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Honestly Land Cruiser whatever it will be a brand, sub-brand or model they always need to be stiff BOF SUV
I would like to have a complete engineering report regarding unibody vs body-on-frame vs integrated body-on-frame vs whatever else, to know what is truly better for a car like Land Cruiser 200, without all the accounting and marketing bullsh*t. There are a lot of misconceptions, and off course for the Land Cruiser I want the best.Honestly Land Cruiser whatever it will be a brand, sub-brand or model they always need to be stiff BOF SUV
Maybe, but is stiffness wanted /needed for off-road heavy duty? Metal bridges are not stiff for example. Semi trailers are not stiff either.There's a lot of papers and documents that talks about stiffness of the ladder frame chassis in compare to the unibody frame
I think Mike Sweer said in an interview that unibody can certainly be engineered to achieve similar strength as a frame, at least for light-to-mid size pick-up trucks. But it would kill all the weight benefit due to the amount of strengthening required. The ride quality advantage will stay, but BOF trucks can be engineered to have a smooth ride as well.I would like to have a complete engineering report regarding unibody vs body-on-frame vs integrated body-on-frame vs whatever else, to know what is truly better for a car like Land Cruiser 200, without all the accounting and marketing bullsh*t. There are a lot of misconceptions, and off course for the Land Cruiser I want the best.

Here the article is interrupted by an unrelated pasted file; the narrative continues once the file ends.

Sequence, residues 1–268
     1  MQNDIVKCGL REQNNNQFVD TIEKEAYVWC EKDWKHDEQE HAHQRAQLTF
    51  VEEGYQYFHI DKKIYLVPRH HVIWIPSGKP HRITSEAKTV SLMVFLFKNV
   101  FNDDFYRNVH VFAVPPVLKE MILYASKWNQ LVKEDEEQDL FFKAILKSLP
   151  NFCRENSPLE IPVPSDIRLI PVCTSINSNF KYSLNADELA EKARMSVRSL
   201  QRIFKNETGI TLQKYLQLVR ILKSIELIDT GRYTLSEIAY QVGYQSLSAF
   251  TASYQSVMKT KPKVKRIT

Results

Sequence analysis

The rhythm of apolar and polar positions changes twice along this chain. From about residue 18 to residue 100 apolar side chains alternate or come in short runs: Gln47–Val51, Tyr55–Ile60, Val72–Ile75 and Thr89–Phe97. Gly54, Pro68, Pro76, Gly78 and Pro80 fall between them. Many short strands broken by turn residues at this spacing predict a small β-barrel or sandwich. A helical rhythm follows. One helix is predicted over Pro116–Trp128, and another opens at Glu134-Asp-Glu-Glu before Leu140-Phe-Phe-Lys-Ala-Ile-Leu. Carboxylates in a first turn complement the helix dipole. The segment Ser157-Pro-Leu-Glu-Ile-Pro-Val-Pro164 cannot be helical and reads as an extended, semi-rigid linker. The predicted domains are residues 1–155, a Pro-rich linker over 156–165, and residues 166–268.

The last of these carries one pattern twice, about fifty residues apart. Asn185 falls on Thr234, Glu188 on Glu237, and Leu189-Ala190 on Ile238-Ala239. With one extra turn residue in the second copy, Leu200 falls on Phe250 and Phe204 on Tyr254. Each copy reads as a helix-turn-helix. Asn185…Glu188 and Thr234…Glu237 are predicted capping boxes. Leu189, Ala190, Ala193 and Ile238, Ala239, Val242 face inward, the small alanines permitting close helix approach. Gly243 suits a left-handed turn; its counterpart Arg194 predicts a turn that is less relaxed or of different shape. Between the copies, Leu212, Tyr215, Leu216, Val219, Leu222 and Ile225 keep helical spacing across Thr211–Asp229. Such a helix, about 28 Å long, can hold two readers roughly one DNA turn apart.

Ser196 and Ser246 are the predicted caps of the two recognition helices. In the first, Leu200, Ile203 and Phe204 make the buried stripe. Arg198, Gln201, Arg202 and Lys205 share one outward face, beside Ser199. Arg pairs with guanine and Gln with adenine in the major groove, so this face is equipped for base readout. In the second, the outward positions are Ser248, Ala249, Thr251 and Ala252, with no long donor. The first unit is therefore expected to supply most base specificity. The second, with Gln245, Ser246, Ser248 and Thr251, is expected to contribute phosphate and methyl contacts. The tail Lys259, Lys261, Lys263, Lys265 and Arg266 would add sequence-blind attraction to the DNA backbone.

Why I asked it because comparing different cars (CUV/SUV vs 4x4) is always comparing apple to oranges. Take the Pajero and Prado for example: the first is unibody and has IRS, the second is body-on-frame and has SRS. While conceptually the Pajero is like a German SUV, it drives like a (very good) truck, not like a car. What is more important is how the product is executed, rather than by which means. Costs plays a role, less so for the Land Cruiser. So Toyota can make the best either way. That means, if BOF still has the advantage, with enough money and R&D, it can be made to be lighter and more agile, if it is desired.I think Mike Sweer said in an interview that unibody can certainly be engineered to achieve similar strength as a frame, at least for light-to-mid size pick-up trucks. But it would kill all the weight benefit due to the amount of strengthening required. The ride quality advantage will stay, but BOF trucks can be engineered to have a smooth ride as well.
The conclusion is like this: if the manufacturer doesn't have any BOF experience, then it's better to do strengthened unibody (aka Honda Ridgeline); if it has been making BOF for decades, then it's better to figure out how to improve ride quality. Either way works and the effort is similar, so there is no absolute answer to this. But for full-size trucks with a lot of payload rating, a frame is unbeatable (so at least Tundra will stay BOF).